After being awarded by the Germans and Italians part of southern Chechoslovakia and Subcarpathia in the First Vienna Award of 1938, and then northern Transylvania in the Second Vienna Award of 1940, in 1941 Hungary participated in their first military maneuvers on the side of the Axis. Thus, Hungary was part in the invasion of Yugoslavia, gaining some more territory but effectively joining the Axis powers in the process (showing his non-agreement, prime minister Pál Teleki committed suicide). On 22 June 1941, Germany invaded the Soviet Union using the code name Operation Barbarossa. Hungary joined the German effort and declared war on the Soviet Union on 26 June, and entered World War II on the side of the Axis. In late 1941, the Hungarian troops on the Eastern Front experienced success at the Battle of Uman. By 1943, after the Hungarian Second Army suffered extremely heavy losses at the river Don, the Hungarian government sought to negotiate a surrender with the Allies. On 19 March 1944, as a result of this duplicity, German troops quietly occupied Hungary in what was known as Operation Margarethe. But, by now it was clear that the Hungarians were Germany’s “unwilling satellite”. On 15 October 1944, Horthy made a token effort to disengage Hungary from the war. This time the Germans launched Operation Panzerfaust and Horthy was replaced by a puppet government under the pro-German Prime Minister Ferenc Szálasi. Szálasi and his pro-Nazi Arrow Cross Party remained loyal to the Germans until the end of the war. In late 1944, Hungarian troops on the Eastern Front again experienced success at the Battle of Debrecen. But this was followed immediately by the Soviet invasion of Hungary and the Battle of Budapest. During the German occupation in May-June 1944, the Arrow Cross Party and Hungarian police deported nearly 440,000 Jews, mostly to Auschwitz.[26] Over 400,000 Hungarian Jews were murdered during the Holocaust, as well as tens of thousands of Romani people. Hundreds of Hungarian people were also executed by the Arrow Cross Party for sheltering Jews. The war left Hungary devastated destroying over 60% of the economy and causing huge loss of life. On 13 February 1945, the Hungarian capital city surrendered unconditionally. On 8 May 1945, World War II in Europe officially ended.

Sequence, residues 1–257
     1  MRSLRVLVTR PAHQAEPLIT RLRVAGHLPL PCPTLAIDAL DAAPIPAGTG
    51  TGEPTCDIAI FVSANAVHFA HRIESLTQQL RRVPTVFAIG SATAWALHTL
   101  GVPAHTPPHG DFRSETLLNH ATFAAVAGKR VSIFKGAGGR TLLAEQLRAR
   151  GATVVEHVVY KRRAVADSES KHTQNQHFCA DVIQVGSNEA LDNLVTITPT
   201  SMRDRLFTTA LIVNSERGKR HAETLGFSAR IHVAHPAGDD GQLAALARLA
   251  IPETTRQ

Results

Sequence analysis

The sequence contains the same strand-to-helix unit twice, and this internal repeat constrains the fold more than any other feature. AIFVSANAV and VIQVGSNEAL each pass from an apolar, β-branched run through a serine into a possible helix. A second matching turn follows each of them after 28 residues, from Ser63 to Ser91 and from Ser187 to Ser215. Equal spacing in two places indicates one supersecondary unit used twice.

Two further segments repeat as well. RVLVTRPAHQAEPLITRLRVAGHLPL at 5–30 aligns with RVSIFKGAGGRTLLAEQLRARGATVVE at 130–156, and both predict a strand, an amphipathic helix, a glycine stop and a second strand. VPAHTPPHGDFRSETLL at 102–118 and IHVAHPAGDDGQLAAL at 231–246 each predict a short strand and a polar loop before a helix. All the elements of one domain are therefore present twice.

Communist era (1947-1989)

Hungarian Revolution of 1956

Following the fall of Nazi Germany, Soviet troops occupied all of the country and through their influence Hungary gradually became a communist satellite state of the Soviet Union. After 1948, Communist leader Mátyás Rákosi established Stalinist rule in the country complete with forced collectivization and planned economy. The rule of the Rákosi government was nearly unbearable for Hungary’s war-torn citizens. This led to the 1956 Hungarian Revolution and Hungary’s temporary withdrawal from the Warsaw Pact. The Soviets retaliated massively with military force, sending in over 150,000 troops and 2,500 tanks[27]. Nearly a quarter of a million people left the country during the brief time that the borders were open in 1956. From the 1960s through the late 1980s, Hungary was often satirically referred to as “the happiest barrack” within the Eastern bloc. This was under the autocratic rule of its controversial communist leader, János Kádár. The last Soviet soldier left the country in 1991 thus ending Soviet military presence in Hungary. With the Soviet Union gone the transition to a market economy began.